Families rise & families fall, over time, maintaining a balance within the larger society which, undisturbed, would last for long ages. No hierarchy depends on any individual member, in such an organic order. It would be wrong anyway to expect too little, or too much, from the representative of a moment. It is enough to keep up the pressure for improvement — by setting good example from wherever one may stand; by putting obstacles in the path of bad behaviour. Then let the failures fail. It will never be necessary to smear individuals, to make one’s envious, egalitarian point. There will always be real examples, if one has the low journalistic impulse to seek them out; or even the slightly higher impulse to expose a fraud.

I am expounding a view of society almost incomprehensible to the present day, accustomed as it is to social engineering, & organization by written law. The idea of an order legitimated by nature, of acceptance in the vicissitudes of life, of the freedom that comes with this acceptance, is foreign to us. Let me put it in terms likeliest to ignite the gasbags of equality: “A place for everyone, & everyone in his place.” For this is what I have seen in every backward, essentially joyful community, East or West.

My Loyalist ancestors were not unaware of foibles among the British ruling élite. Yet they held it better to endure, what would be resolved in the course of nature, than to turn the world over, & deliver the government into the hands of the ideologues of a humanly-engineered “Enlightenment.” It made more sense to get on with one’s life, than to meddle systematically in the lives of others; hence their old saying, “Better one tyrant three thousand miles away, than three thousand tyrants one mile away.” They were defeated, of course; but they did put up a fight for their lives & their property, before they were dispossessed. In their bones, but also in their neighbours’ eyes, they saw the menace of “Revolution.” They knew their Shakespeare; their Wat Tyler & Jack Cade. I like to think they could see Obamacare coming.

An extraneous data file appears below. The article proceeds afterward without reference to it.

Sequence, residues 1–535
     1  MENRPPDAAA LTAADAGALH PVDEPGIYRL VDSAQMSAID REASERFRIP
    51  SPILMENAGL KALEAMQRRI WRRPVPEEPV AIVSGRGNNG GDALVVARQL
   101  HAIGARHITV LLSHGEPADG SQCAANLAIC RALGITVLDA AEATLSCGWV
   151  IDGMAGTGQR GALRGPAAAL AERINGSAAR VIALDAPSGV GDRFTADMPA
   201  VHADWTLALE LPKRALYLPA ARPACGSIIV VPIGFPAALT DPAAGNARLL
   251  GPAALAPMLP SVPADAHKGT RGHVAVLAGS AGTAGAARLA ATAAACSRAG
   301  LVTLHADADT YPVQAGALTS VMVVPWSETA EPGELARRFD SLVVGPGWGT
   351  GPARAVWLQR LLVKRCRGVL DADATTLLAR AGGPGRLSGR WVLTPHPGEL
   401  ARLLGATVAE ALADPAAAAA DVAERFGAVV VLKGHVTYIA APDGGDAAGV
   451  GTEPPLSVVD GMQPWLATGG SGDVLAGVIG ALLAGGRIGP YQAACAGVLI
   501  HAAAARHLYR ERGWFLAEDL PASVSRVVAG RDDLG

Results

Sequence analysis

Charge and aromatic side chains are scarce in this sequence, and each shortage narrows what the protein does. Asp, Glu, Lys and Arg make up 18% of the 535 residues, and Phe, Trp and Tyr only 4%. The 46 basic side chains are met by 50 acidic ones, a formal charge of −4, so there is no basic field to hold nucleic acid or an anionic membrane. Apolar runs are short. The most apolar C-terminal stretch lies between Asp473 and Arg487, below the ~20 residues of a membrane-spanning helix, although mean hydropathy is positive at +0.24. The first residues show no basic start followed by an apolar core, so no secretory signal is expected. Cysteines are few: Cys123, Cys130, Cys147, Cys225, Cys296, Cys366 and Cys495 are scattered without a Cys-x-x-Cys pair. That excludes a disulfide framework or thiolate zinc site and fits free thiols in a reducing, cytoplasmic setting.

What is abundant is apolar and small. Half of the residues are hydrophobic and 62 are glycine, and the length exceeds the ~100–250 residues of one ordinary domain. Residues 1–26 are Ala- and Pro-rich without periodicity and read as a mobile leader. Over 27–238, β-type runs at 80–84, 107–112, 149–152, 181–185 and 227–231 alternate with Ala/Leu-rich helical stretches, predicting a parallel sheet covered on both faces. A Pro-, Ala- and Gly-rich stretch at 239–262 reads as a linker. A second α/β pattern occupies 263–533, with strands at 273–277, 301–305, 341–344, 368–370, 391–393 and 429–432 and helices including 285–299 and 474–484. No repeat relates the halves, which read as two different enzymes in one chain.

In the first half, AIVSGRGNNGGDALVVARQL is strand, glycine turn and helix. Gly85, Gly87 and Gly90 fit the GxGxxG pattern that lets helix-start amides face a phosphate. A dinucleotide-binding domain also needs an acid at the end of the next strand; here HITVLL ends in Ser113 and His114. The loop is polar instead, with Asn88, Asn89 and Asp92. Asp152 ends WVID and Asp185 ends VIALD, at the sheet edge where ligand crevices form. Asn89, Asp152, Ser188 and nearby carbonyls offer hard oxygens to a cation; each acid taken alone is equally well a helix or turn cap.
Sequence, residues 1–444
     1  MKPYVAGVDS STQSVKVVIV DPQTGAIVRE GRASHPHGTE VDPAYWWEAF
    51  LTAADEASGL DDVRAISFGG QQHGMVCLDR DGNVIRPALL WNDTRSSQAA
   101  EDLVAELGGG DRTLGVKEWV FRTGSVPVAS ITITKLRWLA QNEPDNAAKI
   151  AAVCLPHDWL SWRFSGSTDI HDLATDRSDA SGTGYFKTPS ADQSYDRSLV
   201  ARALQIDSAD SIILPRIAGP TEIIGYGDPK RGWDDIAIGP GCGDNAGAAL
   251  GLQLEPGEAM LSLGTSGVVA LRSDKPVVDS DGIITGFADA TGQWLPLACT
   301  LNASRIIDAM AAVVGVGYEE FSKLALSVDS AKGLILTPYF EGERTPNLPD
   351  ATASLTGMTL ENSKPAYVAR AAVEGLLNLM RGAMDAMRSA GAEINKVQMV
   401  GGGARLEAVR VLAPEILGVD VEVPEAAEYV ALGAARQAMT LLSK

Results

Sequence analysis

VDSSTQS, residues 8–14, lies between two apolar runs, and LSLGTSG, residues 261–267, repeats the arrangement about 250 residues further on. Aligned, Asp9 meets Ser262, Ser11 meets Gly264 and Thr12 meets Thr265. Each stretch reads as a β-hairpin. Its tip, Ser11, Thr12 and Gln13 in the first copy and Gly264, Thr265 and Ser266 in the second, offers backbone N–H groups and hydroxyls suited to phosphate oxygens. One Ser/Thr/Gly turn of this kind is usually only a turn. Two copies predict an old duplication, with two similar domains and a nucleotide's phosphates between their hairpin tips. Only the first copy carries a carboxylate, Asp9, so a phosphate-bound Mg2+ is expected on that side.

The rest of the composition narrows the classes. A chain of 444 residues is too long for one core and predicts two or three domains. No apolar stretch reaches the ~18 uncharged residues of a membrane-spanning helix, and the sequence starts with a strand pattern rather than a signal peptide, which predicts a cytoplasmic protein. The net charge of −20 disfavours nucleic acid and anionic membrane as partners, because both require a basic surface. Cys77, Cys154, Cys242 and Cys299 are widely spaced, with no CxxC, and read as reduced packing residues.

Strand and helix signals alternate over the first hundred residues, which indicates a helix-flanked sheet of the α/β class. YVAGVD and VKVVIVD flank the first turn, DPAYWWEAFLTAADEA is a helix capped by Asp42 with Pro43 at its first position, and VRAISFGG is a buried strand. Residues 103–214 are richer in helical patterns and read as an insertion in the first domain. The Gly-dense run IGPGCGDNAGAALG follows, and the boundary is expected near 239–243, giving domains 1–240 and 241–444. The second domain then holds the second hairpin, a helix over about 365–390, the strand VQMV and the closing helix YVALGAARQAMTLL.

But alas the Revolution followed them everywhere, & in our contemporary world there is no place to hide from the arrogance of “democracy.” It is globalized now. The principle of unhappiness has been made universal.


I cheered myself the other day by re-reading Three Horsemen of the New Apocalypse — by Nirad Chaudhuri, written in 1997, in his ninety-ninth year. There is a wonderful rant against Princess Diana, published just moments before she died. He says she never had the class to be a royal; then extends his remarks to the rest of the Spencer family, whose decline into unspeakable vulgarity he adumbrates (witness her brother, &c). It is really quite forceful.

Chaudhuri, as I have surely mentioned in the past, was pretty much my favourite Subcontinental. This is because he was an extraordinarily perceptive teller of home truths, who would never give his persecutors the satisfaction of shutting up. He had also been a member of India’s rising political class, personally familiar with all Nehrus & Gandhis, & able thus to tell us, with considerable precision, just what was wrong with them.